First, the cable box. While nothing appears to be wrong in front...
…the back of the box was unlocked and partially open. We took a picture, then latched it back as best as we could:
We can't seem to get anyone to fess up to owning this particular box. Comcast, Grande, and Time Warner Cable Inc. (NYSE: TWC) all serve different parts of this area. All three have been queried by Light Reading and only Grande has responded to say that it sent out a technician and verified that the box doesn’t belong to Grande.
At this same appallingly ugly cabinet farm, we saw a Lightspeed-ready IP DSLAM cabinet (on the left) next to a big 'ol crossconnect cabinet:
A few feet away, a controlled environmental vault (CEV) houses the digital loop carriers that provide DSL service to the neighborhood and, probably, the elementary school nearby:
But, alas, AT&T may possibly have a power problem, too. This power pedestal, marked as Southwestern Bell property, which appears to provide electricity to some of the above listed boxes, has a shut-off switch on its outside. Might be easy for, say, a kid to yank.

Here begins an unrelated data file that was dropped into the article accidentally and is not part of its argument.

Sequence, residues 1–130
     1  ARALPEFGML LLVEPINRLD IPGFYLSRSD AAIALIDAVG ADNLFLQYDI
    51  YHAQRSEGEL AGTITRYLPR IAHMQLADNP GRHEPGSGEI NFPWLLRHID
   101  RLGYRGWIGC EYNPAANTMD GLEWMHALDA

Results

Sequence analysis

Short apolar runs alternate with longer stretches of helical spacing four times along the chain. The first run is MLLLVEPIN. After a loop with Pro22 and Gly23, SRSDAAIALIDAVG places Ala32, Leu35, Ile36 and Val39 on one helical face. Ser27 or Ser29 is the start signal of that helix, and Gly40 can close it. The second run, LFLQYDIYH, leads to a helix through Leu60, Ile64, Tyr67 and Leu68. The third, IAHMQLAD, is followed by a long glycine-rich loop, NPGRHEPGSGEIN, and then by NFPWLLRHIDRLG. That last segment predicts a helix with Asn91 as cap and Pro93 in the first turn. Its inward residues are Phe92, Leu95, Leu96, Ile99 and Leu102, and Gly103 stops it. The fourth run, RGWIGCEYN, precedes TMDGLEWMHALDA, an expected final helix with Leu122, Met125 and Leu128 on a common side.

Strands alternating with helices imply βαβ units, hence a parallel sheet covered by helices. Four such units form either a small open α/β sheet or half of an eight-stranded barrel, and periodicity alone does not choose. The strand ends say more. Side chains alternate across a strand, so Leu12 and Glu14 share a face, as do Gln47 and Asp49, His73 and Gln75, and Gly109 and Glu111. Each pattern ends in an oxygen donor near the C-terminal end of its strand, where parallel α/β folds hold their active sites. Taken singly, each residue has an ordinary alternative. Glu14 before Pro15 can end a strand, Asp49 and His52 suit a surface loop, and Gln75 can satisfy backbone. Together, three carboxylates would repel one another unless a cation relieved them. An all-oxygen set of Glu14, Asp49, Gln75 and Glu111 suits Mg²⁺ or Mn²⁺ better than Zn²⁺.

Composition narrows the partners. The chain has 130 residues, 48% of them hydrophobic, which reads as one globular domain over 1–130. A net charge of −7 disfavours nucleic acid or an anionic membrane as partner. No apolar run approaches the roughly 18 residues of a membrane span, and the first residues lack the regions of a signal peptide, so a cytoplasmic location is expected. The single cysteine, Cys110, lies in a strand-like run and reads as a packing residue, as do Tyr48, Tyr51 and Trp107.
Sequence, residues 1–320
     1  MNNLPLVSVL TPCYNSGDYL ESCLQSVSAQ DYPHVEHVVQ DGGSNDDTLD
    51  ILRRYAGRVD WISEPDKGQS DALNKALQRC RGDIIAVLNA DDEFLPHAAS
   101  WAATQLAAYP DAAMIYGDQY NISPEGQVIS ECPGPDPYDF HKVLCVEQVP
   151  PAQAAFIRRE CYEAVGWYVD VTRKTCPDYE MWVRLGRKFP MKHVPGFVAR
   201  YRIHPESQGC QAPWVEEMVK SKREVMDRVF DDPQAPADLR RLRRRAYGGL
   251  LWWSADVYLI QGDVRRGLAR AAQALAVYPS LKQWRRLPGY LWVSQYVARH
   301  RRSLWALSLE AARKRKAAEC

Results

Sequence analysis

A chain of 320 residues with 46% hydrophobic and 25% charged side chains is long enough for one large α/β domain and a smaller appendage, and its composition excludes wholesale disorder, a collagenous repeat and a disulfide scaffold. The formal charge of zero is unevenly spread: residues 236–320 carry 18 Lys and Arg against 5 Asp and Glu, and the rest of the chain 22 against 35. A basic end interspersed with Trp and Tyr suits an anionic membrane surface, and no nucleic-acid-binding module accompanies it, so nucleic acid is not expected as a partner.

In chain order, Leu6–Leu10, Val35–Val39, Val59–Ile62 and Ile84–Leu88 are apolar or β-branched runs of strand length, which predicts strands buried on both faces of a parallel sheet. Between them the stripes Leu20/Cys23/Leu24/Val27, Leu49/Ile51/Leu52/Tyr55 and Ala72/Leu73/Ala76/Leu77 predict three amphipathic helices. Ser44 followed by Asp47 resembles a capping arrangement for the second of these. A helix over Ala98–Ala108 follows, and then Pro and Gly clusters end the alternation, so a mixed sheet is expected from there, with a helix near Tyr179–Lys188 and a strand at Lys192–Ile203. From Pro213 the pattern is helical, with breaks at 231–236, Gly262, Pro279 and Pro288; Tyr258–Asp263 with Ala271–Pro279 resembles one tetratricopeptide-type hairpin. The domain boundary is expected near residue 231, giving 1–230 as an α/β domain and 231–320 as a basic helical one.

AT&T had no immediate comment on the power pedestal -- they're still checking into it. But it's worth noting that all power pedestals have a shut-off switch somewhere on them, but usually they're locked up. And, of course, we couldn't confirm firsthand that this particular power pedestal was operational. Pulling the switch just didn't seem like the right thing to do.
Fiber to the Model Home